Tag Archives: Michigan

US Senate: 13 Telling Polls

By Jim Ellis

capitolJuly 12, 2018 — The Survey Monkey organization polling for the Axios Media news and information website went into the field during the June 11 – July 2 period to test US Senate campaigns in 13 different states. All of the most competitive races were studied, including the 10 Trump states where a Democratic senator is standing for re-election this year.

The cumulative result actually brings some good news to both parties, but Republicans fare better because the representative predictive models suggest the GOP is in position for a net gain of at least one seat even while falling behind in their two key defense states of Arizona and Nevada.

Though the survey sampling period is long, the three-week time frame is the period consumed to survey all 13 states. Survey Monkey begins with a regular sampling universe of 3,000,000 individuals who have agreed to participate in their polls. For this project, 12,677 registered voters participated from a high of 1,280 in Arizona to a low of 457 from North Dakota. The sample size in the largest state tested, Florida, was 1,080. All of the surveys were weighted to reflect the demographic and political trend history for each state. The polling error factor for each place ranged between 4.5 and 5.5 for all states but North Dakota. In the latter, the error factor was 7.5.

There are several bright spots for both parties. Democrats fare better on the question of voter enthusiasm, which is consistent with data results recorded in virtually every poll conducted over the past year. Regarding intent to vote across the board in these Survey Monkey polls, however, both parties record about equal numbers. Overall, President Trump’s job approval scores have greatly improved. Looking at the combined 13-state universe, the president scored a 50:49 percent job approval ratio, going from a high of 60:39 percent in Tennessee to a low of 44:55 percent in Pennsylvania. But, even his lowest rating is an improvement from where he stood earlier in the election cycle.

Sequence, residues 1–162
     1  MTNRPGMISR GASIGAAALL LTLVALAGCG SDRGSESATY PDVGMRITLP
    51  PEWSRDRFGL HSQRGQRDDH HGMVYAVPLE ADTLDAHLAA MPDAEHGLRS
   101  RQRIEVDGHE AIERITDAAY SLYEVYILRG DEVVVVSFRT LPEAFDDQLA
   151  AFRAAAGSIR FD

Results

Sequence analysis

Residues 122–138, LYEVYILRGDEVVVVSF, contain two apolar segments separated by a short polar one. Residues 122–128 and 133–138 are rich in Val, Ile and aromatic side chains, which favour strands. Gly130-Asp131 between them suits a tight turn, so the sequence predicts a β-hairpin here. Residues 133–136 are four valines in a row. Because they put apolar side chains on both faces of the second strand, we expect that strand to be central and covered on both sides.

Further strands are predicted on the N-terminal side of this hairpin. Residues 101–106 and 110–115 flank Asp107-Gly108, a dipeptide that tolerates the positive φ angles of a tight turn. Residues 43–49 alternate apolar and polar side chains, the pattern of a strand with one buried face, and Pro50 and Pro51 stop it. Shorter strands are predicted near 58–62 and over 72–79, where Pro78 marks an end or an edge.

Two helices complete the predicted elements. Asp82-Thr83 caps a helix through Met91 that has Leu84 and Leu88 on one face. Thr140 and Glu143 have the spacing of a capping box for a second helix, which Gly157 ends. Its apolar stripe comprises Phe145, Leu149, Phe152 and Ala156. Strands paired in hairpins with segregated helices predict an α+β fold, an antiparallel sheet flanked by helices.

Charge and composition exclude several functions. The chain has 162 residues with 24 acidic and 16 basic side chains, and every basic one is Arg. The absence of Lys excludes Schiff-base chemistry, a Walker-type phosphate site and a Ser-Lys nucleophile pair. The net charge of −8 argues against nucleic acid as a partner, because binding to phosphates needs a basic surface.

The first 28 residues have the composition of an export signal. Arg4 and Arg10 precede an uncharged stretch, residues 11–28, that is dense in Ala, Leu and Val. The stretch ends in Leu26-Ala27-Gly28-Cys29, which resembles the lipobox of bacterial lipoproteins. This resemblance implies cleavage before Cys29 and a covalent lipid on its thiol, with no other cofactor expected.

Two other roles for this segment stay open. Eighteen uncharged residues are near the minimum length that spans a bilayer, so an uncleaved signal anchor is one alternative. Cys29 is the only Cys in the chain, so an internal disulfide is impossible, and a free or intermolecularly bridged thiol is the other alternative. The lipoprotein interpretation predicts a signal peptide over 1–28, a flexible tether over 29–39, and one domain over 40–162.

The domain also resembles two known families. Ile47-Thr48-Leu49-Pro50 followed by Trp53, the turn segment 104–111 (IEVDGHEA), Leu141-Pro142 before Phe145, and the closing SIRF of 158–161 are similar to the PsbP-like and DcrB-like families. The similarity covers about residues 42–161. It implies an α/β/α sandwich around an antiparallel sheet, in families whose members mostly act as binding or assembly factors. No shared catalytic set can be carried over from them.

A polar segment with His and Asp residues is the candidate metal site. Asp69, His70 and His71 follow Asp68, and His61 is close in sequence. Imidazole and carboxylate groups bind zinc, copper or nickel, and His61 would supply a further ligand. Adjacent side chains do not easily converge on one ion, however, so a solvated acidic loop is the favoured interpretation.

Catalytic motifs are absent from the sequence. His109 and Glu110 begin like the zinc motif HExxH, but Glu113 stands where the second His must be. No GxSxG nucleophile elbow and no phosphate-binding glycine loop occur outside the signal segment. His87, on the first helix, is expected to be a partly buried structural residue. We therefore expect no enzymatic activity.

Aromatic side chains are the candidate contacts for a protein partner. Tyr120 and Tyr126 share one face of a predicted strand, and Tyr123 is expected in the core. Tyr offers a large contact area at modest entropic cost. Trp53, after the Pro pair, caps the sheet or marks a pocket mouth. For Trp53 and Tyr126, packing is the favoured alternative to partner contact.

According to the SM numbers, Democrats are in position to convert both the Arizona and Nevada races. Rep. Kyrsten Sinema (D-Phoenix) leads all three individuals competing in the Republican primary. Her strongest opponent, unsurprisingly, is US Rep. Martha McSally (R-Tucson). In the various modeling scenarios, Sinema posts leads of between one and six percentage points over Rep. McSally and far greater margins over the other two GOP candidates.

Continue reading

Lamborn Reinstated in Colorado;
Similar Problems Emerge in MI-1

By Jim Ellis

Six-term GOP Rep. Doug Lamborn (R-Colorado Springs)

Six-term GOP Rep. Doug Lamborn (R-Colorado Springs)

May 4, 2018 — A Colorado federal court judge has reinstated Rep. Doug Lamborn (R-Colorado Springs) to the 5th Congressional District Republican primary ballot in a ruling that was issued late Monday night. The judge indicated that the state’s law requiring petition circulators to be Colorado residents is unconstitutional.